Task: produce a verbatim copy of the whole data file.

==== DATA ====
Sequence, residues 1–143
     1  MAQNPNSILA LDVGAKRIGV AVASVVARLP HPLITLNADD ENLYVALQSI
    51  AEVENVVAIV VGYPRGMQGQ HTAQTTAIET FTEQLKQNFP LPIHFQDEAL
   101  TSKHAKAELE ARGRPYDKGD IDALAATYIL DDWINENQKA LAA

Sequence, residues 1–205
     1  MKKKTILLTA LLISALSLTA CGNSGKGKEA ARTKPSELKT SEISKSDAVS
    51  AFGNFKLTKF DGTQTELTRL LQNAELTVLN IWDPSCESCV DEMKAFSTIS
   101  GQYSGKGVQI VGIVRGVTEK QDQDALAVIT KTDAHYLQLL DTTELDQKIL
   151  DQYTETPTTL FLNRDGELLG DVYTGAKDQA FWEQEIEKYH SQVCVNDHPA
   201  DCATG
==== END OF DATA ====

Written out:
Sequence, residues 1–143
     1  MAQNPNSILA LDVGAKRIGV AVASVVARLP HPLITLNADD ENLYVALQSI
    51  AEVENVVAIV VGYPRGMQGQ HTAQTTAIET FTEQLKQNFP LPIHFQDEAL
   101  TSKHAKAELE ARGRPYDKGD IDALAATYIL DDWINENQKA LAA

Sequence, residues 1–205
     1  MKKKTILLTA LLISALSLTA CGNSGKGKEA ARTKPSELKT SEISKSDAVS
    51  AFGNFKLTKF DGTQTELTRL LQNAELTVLN IWDPSCESCV DEMKAFSTIS
   101  GQYSGKGVQI VGIVRGVTEK QDQDALAVIT KTDAHYLQLL DTTELDQKIL
   151  DQYTETPTTL FLNRDGELLG DVYTGAKDQA FWEQEIEKYH SQVCVNDHPA
   201  DCATG